Bryan Appleyard

A Brave New Genre

MARGARET ATWOOD DID not like her new novel, Oryx and Crake, being described as ‘science fiction’. It is, she said, ‘speculative fiction’. Ever on the qui vive for this sort of ‘issue’ to fill the gaps between Alastair Campbell and, well, Alastair Campbell, Radio 4’s Today programme called me in to debate this hot topic with DJ Taylor.

The School of Athens it wasn’t. I said Atwood was displaying the worst kind of petty literary snobbery. Taylor said she was quite right: science fiction was badly written and he didn’t like it, the implication being that anythmg that was well written and that he liked couldn’t possibly be science fiction. Wells’s War of the Worlds, Huxley’s Brave New World, Orwell’s 1984 and anything by Atwood were, ipso facto, ‘speculative’ not ‘science’ fiction. I’m not sure Taylor had quite thought this one through.

Don’t turn the page just yet. I am not going to embark on a paralysingly boring discussion of what is or is not SF It is true that a large proportion of SF is badly written – about the same proportion, in fact, as of every other type of fiction. But there is great SF writing – notably in Wells – and, more importantly, the genre has a serious claim to be the most significant and intellectually the most interesting of our age.

My reason for saying this follows hm a point Adam Roberts makes in Science Fiction (Routledge, 2000). He says, ‘the premise of an SF novel requires material, physical rationalisation, rather than a supernatural or arbitrary one.’ This is not absolutely true – what literary generalisation ever is? – but it does indicate a broad truth: that SF is a secular form, a literary genre constructed in the absence of God. It is about how far our rationality can take us when we find ourselves confi-onted with an uncaring cosmos.

Early and late in the nineteenth century, Mary Shelley’s Frankenstein and Robert Louis Stevenson’s The Strange Case of Drlekyll and Mr Hyde (not usually thought of as SF, but it is) were both books about how technology could enable men to play God. At the very end of the century, The War of the Worlds was about the ultimate humiliation of man in a godless and heartless cosmos. ‘The Martian machine’, wrote Wells, ‘took no more notice for the moment of the people running this way and that than a man would of the confusion of ants in a nest against which his foot has kicked.’

Two themes have since dominated science fiction – technology and aliens. In fact, I think these two themes are really one. Both are about human confrontation with the other, whether it be an intelligent being or a strange machine. We needed this idea of the other because, once God and his angels had absented themselves, we were confronted with the possibility of a universe in which we were the only creatures thinking about the universe. The idea of billions of light years of rocks and virtual vacuum inhabited only bv a few anxious bioeds dth exceedingly bad attiiudes can be upsetting. Emptiness we could take, but emptiness with just us is a peculiarly intolerable prospect.

The other – alien or machine – is either good or bad. If it is good, it judges us harshly, as God used to do, and perhaps attempts to save us hm our destructive ways. ‘If you threaten to extend your violence,’ says the alien Klaatu in the film The Day the Earth Stood Still (1951), ‘this earth of yours will be reduced to a burned-out cinder.’ If it is bad, it unites our species in a battle for self-preservation, as in Independence Day (1996). Either way, the universe is populated with non-human life forms that force us to consider the nature of our humanity.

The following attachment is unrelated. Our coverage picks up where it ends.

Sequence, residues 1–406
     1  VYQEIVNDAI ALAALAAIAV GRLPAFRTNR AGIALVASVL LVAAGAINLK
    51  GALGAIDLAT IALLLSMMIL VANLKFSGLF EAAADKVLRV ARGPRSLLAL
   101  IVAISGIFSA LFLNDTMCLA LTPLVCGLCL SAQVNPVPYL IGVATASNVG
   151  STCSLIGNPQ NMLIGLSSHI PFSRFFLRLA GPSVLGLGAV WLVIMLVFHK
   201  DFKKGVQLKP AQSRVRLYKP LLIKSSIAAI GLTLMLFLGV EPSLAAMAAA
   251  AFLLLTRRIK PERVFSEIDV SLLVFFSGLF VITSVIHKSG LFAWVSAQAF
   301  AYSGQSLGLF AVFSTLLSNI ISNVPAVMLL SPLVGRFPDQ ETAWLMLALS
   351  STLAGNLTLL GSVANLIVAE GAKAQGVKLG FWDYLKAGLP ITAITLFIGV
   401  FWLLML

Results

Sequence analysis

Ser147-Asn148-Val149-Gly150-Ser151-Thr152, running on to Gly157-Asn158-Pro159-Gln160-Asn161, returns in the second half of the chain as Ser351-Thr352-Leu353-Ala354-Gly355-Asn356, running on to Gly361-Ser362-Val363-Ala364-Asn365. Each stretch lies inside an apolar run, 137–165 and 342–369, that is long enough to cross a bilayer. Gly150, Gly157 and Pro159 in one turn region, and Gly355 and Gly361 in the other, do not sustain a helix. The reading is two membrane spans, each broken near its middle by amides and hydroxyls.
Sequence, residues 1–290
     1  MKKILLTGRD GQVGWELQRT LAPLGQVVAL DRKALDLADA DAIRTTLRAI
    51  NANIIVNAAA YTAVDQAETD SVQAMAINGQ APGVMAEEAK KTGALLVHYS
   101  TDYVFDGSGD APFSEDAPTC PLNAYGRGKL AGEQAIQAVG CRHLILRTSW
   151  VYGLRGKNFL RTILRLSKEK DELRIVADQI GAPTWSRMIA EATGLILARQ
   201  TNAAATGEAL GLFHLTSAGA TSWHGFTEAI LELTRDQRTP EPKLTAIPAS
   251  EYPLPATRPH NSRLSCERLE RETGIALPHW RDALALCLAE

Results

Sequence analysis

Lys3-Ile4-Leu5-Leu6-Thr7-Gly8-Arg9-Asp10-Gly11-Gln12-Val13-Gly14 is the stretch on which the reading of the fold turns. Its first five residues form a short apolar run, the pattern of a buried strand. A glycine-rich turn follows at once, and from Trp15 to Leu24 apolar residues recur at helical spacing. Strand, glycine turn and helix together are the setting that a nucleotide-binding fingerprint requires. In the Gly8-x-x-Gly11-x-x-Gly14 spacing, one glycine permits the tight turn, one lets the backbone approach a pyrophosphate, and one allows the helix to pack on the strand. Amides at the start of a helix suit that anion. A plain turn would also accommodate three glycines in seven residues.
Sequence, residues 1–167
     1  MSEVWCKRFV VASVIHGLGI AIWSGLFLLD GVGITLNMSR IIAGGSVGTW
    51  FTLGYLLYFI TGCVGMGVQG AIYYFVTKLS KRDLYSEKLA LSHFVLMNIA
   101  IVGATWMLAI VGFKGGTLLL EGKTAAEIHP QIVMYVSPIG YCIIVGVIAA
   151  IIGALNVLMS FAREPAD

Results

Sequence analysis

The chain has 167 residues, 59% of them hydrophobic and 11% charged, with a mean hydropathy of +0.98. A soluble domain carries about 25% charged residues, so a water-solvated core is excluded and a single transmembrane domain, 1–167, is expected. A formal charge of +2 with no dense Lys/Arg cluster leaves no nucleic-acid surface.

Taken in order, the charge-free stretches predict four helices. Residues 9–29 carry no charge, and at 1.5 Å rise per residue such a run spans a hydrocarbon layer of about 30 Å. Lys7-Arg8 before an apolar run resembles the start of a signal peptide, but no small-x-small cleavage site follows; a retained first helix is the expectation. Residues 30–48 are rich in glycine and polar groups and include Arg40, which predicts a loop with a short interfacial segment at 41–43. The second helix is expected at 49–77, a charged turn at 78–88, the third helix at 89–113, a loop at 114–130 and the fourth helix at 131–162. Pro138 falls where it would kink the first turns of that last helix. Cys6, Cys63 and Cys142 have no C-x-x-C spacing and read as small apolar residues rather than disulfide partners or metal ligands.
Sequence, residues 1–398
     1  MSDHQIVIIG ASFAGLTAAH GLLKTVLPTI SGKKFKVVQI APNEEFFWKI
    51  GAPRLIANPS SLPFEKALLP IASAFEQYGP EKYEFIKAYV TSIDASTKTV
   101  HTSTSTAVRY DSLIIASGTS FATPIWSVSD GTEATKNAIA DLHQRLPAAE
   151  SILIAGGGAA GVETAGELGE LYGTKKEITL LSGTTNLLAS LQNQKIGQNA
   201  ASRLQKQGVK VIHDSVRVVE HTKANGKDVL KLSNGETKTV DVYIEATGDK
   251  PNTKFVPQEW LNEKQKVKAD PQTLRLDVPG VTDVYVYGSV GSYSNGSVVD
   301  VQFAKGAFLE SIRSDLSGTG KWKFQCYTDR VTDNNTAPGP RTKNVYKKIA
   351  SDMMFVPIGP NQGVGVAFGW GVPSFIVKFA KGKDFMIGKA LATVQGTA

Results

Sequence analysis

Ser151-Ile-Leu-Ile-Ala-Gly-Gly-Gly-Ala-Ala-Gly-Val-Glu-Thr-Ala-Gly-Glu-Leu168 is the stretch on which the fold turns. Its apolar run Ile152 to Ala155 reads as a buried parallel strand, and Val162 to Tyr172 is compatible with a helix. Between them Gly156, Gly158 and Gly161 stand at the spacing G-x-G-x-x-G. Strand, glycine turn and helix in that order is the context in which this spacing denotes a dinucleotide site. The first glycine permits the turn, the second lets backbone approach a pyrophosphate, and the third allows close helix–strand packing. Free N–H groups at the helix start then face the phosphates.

All these ideas conform with Roberts’s view that SF requires rationahty. We have been thinking about building intelligent machines for fitfty years now, and our awareness of the scale of the universe as well as the mechanisms bv which life evolves has convinced many that there must b; intelligent life elsewhere. It is, therefore, no arbitrary fictional indulgence to speculate about what thinlung machines or aliens will be like.

But though, as I said, SF is a secular form, like all attempts at secularity it fails miserably. The goodness or badness of the other is a transparent attempt to pursue religion through alternative means. The drama of confrontation with the other is either the drama of judgement or of the war against evil, the same drama that is celebrated in churches, temples and mosques. Thus the rationality that SF so painstakingly constructs turns out to be a reconstruction of the old irratiodty of faith.

What SF, at least in its most popular works, seldom does is consider the possibility of the genuinely alien, the entity so unlike us that it cannot be reduced to any terms we could recognise. One contemporary writer who does attemDt this is Stanislaw Lem. In wonderful novels like Solaris and Fiasco and in a number of short stories about hyper-intelligent computers, he has raised the possibility of an encounter with ahen intelligences of which we can know nothing. This idea suggests that the rationality on which we construct our secular certainties is appallingly limited. little more than a local belief-svstem of the kind periodically dissected by anthropologist;.

Lem is a rarity, though he is not entirely alone, and he is the true descendant of the great and still massively underestimated Wells. Thanks to such artists. one dav SF will be recognised as the most important literary genre of our time, as the only form with the courage and curiositv to confront the other. For that other. in whatever form, will soon be here, probably sitting opposite John Humphrys and saying absolutely nothmg.

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